Europe represents the largest market for arms trade on the dark web, generating revenues that are around five times higher than the US. Firearms listings (42 percent) were the most common listings on the dark web, followed by arms-related digital products (27 percent) and others, including ammunition (22 percent). Pistols were the most commonly listed firearm (84 percent), followed by rifles (10 percent) and sub-machine guns (6 percent).
The reason why Europeans are stockpiling arms is understandable: With terrorism came a growing sense of insecurity. Soldiers may be patrolling the big streets, but they cannot be everywhere. Furthermore, terrorist attacks can happen in small towns where police aren’t on high alert, such as the Carcassone and Trèbes attack in France in March 2018, which killed five, the Normandy church attack in France in July 2016, where one person was killed, or the Würzburg train attack of July 2016 in Germany, which resulted in five people being injured with an ax.
But applicants for firearms will soon find themselves in an uphill battle against their own governments.
You Can't Have That
While some American media outlets are glorifying the perks of gun-free Europe, it would seem that the market speaks for itself. Europeans are buying guns. But the task is easier said than done, as legislation varies significantly by country.
In countries such as Belgium, psychological tests, shooting practice, and a series of other formalities are required to own a firearm. All in all, the process takes about a year. Gun owners are often (according to national legislation) subject to random police checks to assess whether or not the guns are stored correctly. Many of the rules and regulations regarding storage, as well as the fact that carrying firearms is illegal almost everywhere in Europe, make these guns practically useless in self-defense situations.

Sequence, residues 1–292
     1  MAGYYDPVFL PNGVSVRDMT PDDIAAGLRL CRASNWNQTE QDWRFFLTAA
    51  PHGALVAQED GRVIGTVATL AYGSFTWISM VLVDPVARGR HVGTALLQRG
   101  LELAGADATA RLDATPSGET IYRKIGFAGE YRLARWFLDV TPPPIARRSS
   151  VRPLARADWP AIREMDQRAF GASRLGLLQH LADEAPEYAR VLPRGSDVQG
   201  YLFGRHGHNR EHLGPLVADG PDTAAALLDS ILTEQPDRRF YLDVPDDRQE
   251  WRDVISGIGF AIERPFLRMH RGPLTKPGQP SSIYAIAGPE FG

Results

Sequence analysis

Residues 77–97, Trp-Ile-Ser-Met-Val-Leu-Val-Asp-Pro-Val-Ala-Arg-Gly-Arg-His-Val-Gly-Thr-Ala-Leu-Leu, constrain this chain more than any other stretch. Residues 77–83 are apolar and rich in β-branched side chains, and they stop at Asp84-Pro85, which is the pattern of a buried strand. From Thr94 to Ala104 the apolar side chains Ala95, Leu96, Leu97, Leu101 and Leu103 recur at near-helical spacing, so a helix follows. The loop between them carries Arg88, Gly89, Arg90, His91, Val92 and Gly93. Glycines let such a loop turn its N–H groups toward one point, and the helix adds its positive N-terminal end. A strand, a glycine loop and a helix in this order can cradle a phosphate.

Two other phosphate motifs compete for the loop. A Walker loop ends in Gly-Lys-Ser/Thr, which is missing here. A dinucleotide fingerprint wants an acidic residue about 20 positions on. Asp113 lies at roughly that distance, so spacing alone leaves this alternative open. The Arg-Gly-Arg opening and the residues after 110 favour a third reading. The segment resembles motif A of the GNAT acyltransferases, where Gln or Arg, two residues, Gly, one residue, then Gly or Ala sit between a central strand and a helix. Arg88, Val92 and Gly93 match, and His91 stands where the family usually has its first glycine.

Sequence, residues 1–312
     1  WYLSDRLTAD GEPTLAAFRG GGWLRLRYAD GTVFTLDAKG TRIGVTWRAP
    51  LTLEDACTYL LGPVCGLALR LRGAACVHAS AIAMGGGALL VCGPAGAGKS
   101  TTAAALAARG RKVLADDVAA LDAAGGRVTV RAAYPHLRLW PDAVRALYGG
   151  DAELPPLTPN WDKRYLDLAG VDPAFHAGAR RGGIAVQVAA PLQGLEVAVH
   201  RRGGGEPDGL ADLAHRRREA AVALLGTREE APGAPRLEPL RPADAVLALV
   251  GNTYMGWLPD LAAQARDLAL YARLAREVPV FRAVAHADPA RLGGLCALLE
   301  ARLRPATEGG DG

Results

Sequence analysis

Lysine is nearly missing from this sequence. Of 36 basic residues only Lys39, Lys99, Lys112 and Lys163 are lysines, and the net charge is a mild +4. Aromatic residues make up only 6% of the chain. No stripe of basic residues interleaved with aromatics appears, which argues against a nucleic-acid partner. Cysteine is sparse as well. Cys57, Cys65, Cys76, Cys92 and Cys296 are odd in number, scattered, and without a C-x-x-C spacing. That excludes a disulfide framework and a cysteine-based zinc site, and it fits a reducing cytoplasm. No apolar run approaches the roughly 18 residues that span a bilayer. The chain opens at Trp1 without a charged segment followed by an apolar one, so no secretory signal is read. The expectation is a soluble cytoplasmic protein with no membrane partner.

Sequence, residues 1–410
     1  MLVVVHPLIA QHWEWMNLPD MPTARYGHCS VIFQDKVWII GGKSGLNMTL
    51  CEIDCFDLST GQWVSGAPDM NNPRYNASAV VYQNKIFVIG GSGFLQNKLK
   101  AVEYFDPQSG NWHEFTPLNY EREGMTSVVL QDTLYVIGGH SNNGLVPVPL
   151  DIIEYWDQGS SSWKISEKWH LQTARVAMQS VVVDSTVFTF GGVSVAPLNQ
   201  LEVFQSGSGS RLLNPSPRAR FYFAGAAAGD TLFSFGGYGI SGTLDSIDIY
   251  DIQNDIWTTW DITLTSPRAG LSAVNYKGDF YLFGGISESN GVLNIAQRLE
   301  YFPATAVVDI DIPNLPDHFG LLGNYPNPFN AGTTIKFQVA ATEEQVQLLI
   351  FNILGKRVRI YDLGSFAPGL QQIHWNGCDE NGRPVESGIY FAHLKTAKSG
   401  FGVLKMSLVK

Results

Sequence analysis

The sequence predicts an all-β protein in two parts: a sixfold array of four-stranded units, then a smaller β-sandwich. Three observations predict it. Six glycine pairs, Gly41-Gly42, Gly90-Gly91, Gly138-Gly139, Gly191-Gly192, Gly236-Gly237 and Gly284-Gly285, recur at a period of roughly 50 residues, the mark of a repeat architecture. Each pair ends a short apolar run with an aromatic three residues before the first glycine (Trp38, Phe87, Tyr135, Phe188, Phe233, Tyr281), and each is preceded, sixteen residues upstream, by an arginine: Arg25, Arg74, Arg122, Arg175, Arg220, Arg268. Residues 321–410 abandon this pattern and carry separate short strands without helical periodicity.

A few exceptions stand out, including the Czech Republic.
Czechs are fond of the right to bear arms, especially in comparison to their neighbors. In a population of about 10 million, over 800,000 firearms are registered to date. This number has been increasing dramatically since the fall of the Soviet Union. The Czech Republic allows concealed carry and does not even specifically ban guns in bars and clubs (though many owners have their own policies on that). “Gun-free zones” on schools and campuses do not exist; the law does not prohibit concealed carry there, either. The Czech Firearms Act (Section 23) does not allow for alcohol abuse while carrying a firearm. As a result, police have used DUI convictions as a reason to rescind a permit.